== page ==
Automation is often discussed in alarmist terms—at least, when it comes to employment. A headline-grabbing 2018 RBC report found that at least half of Canadian jobs will be impacted, if not altogether eliminated, by automation.
But the report also suggested that skills that machines are not (yet, at least) adapted to will become increasingly valuable in the job market—namely things like complex problem-solving, critical thinking and social perceptiveness. And it just so happens that all those skills fit neatly into the job description for automation technicians. Becoming one of the relatively few professionals who know how to build and repair automated systems is one good way to stay ahead of this seemingly unstoppable wave.
When you hear the word automation, you may visualize a robot arm on a manufacturing line, sorting items or putting car parts together. You’d be partially right, but that’s far from the full picture. Automation is essentially the use of technology to complete a task with minimal human interference, and while that may include robots, it also applies to software running on other types of machines, from smart lights to control systems inside self-driving cars. And it’s working its way into industries beyond manufacturing, including health care, mining and law enforcement, all of which need more people who know what they’re doing.
Specifically, they need specialists who have the hands-on skills to operate and repair automated machinery alongside some understanding of the programming languages that run them. The best part? You don’t need an engineering degree to join this rapidly growing field. Thanks to strong employer demand, college-level programs that provide this particular combination of skills are popping up all over the country, and grads can expect to make between $50,000-$90,000 per year, depending on geography, industry and experience.
“I’ve always liked tinkering with machinery,” says Alex Dunn, an industrial automation integrator at PowerOn Control Systems, which specializes in custom automation systems for companies in industries ranging from water treatment to packaging and metal processing. “My favourite part of the job is the satisfaction,” he says. “When you walk away from a frustrating problem you’ve been working on for days and everything starts running as it should, it feels really good.”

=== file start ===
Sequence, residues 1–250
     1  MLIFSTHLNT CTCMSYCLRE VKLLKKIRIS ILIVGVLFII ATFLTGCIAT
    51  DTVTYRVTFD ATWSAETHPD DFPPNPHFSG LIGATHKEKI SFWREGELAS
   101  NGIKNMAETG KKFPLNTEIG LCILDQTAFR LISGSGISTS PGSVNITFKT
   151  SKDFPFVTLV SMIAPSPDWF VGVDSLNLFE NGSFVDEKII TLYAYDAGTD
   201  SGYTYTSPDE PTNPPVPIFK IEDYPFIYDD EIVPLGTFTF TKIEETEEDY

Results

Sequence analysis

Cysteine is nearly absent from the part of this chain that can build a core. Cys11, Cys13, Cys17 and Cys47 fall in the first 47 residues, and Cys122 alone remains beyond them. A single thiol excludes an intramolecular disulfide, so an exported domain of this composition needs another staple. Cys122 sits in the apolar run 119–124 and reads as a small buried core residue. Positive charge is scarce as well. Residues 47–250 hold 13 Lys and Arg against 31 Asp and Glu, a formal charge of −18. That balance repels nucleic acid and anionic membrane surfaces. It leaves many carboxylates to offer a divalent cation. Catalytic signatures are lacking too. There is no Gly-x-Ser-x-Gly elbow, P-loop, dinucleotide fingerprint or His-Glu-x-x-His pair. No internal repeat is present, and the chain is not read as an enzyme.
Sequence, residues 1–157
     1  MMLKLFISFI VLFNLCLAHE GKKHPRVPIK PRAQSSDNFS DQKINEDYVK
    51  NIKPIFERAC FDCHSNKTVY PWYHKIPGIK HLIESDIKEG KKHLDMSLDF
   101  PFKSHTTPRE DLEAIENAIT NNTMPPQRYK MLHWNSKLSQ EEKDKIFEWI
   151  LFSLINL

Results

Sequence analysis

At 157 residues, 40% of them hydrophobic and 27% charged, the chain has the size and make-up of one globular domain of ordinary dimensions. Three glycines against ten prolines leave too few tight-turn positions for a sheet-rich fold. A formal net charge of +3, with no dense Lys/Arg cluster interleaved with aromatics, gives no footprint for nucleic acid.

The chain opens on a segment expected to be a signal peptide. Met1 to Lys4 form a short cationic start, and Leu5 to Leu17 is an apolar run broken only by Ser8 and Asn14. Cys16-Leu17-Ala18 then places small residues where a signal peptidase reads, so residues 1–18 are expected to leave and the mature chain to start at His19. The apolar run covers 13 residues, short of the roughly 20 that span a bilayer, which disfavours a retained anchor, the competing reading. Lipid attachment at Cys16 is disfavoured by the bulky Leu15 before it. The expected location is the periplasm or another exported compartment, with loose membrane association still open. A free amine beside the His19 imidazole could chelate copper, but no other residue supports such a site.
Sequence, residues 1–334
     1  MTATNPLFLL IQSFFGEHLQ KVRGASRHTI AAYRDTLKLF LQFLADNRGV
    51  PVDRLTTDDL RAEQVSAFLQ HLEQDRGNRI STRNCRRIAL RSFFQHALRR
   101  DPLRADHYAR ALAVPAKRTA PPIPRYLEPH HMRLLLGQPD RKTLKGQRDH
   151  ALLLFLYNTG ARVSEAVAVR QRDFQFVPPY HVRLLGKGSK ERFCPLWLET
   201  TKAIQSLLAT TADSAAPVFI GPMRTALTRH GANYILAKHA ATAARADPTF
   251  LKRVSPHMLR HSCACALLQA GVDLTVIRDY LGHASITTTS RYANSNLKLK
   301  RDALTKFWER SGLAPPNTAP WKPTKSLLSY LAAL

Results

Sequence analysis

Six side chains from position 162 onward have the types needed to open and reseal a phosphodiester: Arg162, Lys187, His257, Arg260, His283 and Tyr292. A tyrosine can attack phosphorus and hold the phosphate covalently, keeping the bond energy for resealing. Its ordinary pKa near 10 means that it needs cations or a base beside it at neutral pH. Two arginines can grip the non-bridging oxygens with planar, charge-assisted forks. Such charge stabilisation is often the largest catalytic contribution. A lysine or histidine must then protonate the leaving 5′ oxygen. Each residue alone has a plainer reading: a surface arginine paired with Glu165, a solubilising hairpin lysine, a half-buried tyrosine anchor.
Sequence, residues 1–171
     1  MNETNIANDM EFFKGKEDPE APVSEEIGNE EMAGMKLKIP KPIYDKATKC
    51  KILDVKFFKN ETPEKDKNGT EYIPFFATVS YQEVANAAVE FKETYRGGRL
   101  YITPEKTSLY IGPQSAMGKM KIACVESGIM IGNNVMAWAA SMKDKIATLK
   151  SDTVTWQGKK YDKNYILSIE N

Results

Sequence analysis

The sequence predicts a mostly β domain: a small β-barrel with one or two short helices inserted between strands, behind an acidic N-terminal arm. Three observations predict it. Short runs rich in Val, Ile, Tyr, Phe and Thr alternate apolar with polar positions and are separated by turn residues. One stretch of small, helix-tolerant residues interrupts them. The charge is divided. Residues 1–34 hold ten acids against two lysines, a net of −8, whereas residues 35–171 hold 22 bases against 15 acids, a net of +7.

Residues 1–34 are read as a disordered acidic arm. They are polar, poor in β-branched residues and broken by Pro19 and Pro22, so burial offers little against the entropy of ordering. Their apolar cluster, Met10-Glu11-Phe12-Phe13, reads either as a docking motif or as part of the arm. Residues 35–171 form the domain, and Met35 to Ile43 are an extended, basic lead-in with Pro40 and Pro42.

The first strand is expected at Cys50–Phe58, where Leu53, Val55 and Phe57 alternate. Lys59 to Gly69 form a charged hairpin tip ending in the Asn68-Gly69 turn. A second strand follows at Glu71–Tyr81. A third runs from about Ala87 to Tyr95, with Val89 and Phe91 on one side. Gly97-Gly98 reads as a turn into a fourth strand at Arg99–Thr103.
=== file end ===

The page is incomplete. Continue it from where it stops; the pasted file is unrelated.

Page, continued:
Dunn graduated from Sheridan College’s three-year electromechanical engineering technician program, which focuses on automation. “It’s a key element of what we call Industry 4.0, or the fourth industrial revolution,” says Amjed Majeed, dean of Sheridan’s school of mechanical and electrical engineering technology. “When you apply automation to industry, you increase productivity and accuracy, as well as safety.” The college is currently developing a degree-level program in automation and robotics to be launched in 2023. Kwantlen Polytechnic, Cambrian, Centennial, Conestoga and Algonquin colleges have also opened automation programs, a wave that’s largely been driven by industry requests. These programs are fairly new; most have been launched in the past five years.
Many grads from college diploma programs work on the operations and repair side of the equation, rather than design, which is often handled by engineers. That’s not a hard and fast rule, though. “We have designers who have come out of universities and colleges. We don’t discriminate,” says Andre Dumais, president of Ionic Mechatronics, which specializes in industrial automation. “Mechatronics” is a term worth noting—it refers to an interdisciplinary field that involves electrical and mechanical systems, robotics and computing.
Dumais is keen to hire college grads because of their hands-on training. “The college grad is typically a tactical, practical person,” he says. The Ionic Technology Group set up an annual $1,500 scholarship program for Cambrian’s mechatronics program, in honour of Steve Matusch, the company’s late founder. “College grads tend to have more experience with programming and robotics, whereas that’s typically a small part of university programs.”
Since automation exists at the intersection of electronics, mechanics and programming and spans a huge (and growing) variety of industries, people who work in the field are interdisciplinarians by nature. “You have to have a good knowledge of electrical fundamentals and mechanical systems, but you also have to be able to think on your feet and respond to customer needs,” says Werner Scherzinger, a professor in Cambrian’s mechatronics program. High tolerance for stress doesn’t hurt either. “I don’t do much physical labour,” says Dunn. “But there are a lot of long hours, and at the end of the day, if something’s not running and you’ve got a bunch of eyeballs on you that are like, ‘Okay, every second this isn’t working is catastrophic for us’—you have to be able to deal with that.”
Good news if you get bored easily, though: novelty is a big part of the job. “There’s so much learning and relearning, so many different parts to work with,” says Dunn. “It feels like you’re always being pushed to work with something you’ve never worked with, and you’ve got to figure it out quickly. It really comes down to persistence.”